• 11. What are computer viruses? Viruses are small programs that hide themselves on your disks (both diskettes and your hard disk). Unless you use virus detection software the first time that you know that you have a virus is when it activates. Different viruses are activated in different ways. How do viruses infect PCs? Viruses hide on a disk and when you access the disk (either a diskette or another hard disk over a network) the virus program will start and infect your computer. The worst thing about a computer virus is that they can spread from one computer to another, either via use of infected floppy disk, or over a Computer network, including the Internet. How to prevent virus damage There are a number of third party antivirus products available. Most of these are better than the rather rudimentary products available within DOS and Windows, but of course you do have to pay for them! The main thing about your virus checker is that it should be kept up to date. Many companies supply updated disks on a regular basis or allow you to receive updates through an electronic, on-line bulletin board.
  • 12. How Do Computer Viruses Spread? Computer viruses usually spread in one of three ways:- • From Removable media. • From Downloads off the Internet. • From e-mail attachments.
  • 13. Removable Disc E-mail Virus..
  • 14. Screen saver: A moving picture or pattern that appears on your screen when you have not used the mouse or keyboard for a specified period of time. How to set the screen saver: 1) Right click on the empty space of the desktop 2) Context menu or popup menu appears 3) Select properties option from the menu 4) Display properties window appears 5) Go to screen saver tab 6) Select the screen saver from the dropdown list box. 7) The number of minutes specified in Wait will make the screen saver to appear on the screen if the computer is idle for the time limit that has been specified in wait. 8) Click ok button
  • 15. How to change the background or wallpaper of the desktop: 1) Right click on the empty space of the desktop 2) Context menu or popup menu appears 3) Select properties option from the menu 4) Display properties window appears 5) Go to desktop tab 6) Select the picture from the background list box 7) Click on OK button or press enter key.
  • 16. Folder: folder is a container to hold file and folders. How to create a folder on desk top: 1) Right click on the empty space on the desk top. 2) Pop up menu appears. Select new-> folder option 3) Type the folder name you want to give it. How to create a shortcut for ms-word Click on start button->all programs -> msoffice ->msoffice word 2003 -> right click -> send to -> desktop (create shortcut)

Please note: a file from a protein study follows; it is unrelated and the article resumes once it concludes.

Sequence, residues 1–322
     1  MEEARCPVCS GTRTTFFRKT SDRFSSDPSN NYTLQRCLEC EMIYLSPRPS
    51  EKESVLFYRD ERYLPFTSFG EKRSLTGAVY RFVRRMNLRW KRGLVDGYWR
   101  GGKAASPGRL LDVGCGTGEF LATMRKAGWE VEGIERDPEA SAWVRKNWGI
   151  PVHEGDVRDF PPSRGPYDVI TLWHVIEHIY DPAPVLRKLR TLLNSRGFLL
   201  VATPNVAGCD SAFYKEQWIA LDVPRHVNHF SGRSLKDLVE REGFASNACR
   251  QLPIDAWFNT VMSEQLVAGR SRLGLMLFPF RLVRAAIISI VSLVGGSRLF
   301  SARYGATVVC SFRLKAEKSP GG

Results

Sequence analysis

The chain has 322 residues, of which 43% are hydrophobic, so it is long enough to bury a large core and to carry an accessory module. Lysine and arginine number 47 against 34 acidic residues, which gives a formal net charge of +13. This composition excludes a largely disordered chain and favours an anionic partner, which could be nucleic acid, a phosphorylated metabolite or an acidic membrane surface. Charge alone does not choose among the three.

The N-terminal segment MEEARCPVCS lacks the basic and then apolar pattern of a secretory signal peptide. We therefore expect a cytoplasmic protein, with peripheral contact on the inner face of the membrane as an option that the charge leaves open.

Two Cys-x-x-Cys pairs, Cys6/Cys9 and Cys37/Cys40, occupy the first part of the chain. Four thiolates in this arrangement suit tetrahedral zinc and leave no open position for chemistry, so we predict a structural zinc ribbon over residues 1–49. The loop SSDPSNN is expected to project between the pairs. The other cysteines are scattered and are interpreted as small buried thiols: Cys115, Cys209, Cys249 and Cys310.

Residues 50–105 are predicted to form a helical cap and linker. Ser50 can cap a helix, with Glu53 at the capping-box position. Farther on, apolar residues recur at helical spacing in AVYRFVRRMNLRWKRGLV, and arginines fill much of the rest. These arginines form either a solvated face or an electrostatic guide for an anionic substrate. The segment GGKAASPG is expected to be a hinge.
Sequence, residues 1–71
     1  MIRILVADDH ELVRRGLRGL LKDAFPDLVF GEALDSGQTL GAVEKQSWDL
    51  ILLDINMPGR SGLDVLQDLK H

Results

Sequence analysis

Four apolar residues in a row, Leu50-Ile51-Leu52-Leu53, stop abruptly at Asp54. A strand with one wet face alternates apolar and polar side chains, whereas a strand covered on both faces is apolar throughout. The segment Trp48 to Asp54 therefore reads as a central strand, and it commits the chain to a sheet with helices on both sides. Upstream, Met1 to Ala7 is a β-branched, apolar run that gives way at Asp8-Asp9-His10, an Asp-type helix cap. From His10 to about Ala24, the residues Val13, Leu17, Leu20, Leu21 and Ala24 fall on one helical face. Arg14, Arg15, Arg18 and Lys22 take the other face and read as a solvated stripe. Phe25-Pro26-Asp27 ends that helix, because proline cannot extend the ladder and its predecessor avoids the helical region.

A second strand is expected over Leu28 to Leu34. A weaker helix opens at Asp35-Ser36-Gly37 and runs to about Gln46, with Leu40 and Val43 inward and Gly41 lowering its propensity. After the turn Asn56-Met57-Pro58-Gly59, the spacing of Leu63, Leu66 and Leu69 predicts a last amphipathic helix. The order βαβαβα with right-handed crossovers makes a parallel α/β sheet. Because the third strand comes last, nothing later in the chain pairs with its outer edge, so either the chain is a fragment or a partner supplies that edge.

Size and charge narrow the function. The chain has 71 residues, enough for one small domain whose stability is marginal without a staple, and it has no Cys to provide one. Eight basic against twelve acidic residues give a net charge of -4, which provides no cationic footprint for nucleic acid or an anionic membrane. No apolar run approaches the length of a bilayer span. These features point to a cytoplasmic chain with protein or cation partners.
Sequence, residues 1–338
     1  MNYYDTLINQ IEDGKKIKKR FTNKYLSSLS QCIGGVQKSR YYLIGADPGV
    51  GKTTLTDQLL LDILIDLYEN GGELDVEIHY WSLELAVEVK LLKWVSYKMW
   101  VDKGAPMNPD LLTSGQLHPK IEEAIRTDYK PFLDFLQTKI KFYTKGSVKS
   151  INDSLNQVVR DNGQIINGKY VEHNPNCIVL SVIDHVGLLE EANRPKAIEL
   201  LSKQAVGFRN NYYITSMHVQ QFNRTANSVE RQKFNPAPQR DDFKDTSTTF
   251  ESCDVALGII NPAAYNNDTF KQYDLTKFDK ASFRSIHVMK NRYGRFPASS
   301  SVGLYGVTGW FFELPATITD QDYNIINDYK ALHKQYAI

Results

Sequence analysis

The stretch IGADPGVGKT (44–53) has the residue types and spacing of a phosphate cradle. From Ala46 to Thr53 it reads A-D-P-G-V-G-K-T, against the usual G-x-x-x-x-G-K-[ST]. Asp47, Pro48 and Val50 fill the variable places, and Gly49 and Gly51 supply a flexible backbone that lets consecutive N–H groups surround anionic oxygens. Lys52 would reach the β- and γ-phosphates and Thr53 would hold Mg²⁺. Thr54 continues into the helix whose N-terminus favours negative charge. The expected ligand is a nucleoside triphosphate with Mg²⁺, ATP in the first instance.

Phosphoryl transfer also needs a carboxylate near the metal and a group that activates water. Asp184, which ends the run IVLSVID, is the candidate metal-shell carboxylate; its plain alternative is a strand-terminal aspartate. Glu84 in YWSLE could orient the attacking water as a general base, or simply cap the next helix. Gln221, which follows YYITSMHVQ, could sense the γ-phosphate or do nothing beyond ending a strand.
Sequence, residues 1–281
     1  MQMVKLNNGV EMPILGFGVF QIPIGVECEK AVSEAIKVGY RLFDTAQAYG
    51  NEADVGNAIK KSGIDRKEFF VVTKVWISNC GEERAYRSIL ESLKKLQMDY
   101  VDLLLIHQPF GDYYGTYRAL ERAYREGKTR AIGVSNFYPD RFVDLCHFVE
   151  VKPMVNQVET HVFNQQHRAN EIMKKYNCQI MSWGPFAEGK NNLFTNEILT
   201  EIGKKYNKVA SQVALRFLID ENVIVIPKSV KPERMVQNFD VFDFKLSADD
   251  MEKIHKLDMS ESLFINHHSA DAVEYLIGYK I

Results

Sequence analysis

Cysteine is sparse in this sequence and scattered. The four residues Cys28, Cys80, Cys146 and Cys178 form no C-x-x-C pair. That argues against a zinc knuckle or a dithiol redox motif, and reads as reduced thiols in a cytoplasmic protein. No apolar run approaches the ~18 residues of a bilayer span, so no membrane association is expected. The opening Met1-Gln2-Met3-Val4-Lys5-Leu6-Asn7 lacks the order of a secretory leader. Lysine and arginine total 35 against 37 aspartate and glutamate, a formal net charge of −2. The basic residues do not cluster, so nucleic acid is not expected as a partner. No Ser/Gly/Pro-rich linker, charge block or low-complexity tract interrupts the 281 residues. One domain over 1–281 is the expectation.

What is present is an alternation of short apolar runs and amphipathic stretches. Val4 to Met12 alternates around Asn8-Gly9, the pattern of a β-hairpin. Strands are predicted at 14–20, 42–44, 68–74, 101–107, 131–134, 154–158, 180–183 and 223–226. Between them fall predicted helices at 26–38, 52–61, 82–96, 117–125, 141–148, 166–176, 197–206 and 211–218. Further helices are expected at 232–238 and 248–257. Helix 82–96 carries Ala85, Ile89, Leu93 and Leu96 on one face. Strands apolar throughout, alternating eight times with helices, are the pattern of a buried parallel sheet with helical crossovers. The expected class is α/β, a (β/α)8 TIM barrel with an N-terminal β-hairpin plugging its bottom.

• 17. Cut Copy and Paste a folder: Cut When you cut file and folder, you remove it and place it on the desire location ie. C:/, or D:/. By using keyboard short cuts Ctrl+x or by right click on the mouse and select cut option. Copy When you copy file, you place only a copy of the file and graphics on the desire location ie. C:/, or D:/. without removing the original. By using keyboard short cuts Ctrl+C or by right click on the mouse and select copy option. Paste When you paste file, you retrieve a copy from the Clipboard and insert it into the other location. By using keyboard short cuts Ctrl+v or by right click on the mouse and select paste option.
  • 18. Introduction • Multimedia is usually recorded and played, displayed, or accessed by information content processing devices, such as computerized and electronic devices, but can also be part of a live performance. Multimedia devices are electronic media devices used to store and experience multimedia content. Multimedia is distinguished from mixed media in fine art; by including audio, for example, it has a broader scope. The term "rich media" is synonymous for interactive multimedia. Hypermedia
  • 19. Definition • Multimedia can be defined generically as any combination of two or more media such as sound, images, text, animation, and video. • For educational technology purposes, multimedia refers to computer- based systems that use associative linkages to allow users to navigate and retrieve information stored in a combination of text, sounds, graphics, video, and other media.
  • 20. Multimedia is: Text Graphics Sound Animation Video
  • 21. Key Components of Multimedia A computer based medium Fundamental to the development and delivery of multimedia is a computer capable of incorporating various elements, such as sound and animation, and providing an environment in which the user can interact with the programme. Interactivity The ability of the user to interact with the program Request made & information provided Effective communication Burger (1994) stated; “Effective communication is the most important criteria in Multimedia.”
  • 22. Why to use Multimedia? According to Dr. Albert Mehrabian, a specialist in interpersonal communication at the University of California, says: People recall 20% of what they see 40% of what they see & hear 70% of what they see, hear & do Multimedia allows for seeing, hearing and doing
  • 23. Multimedia takes many forms Greeting cards Conferencing Movies Photo albums Image catalogs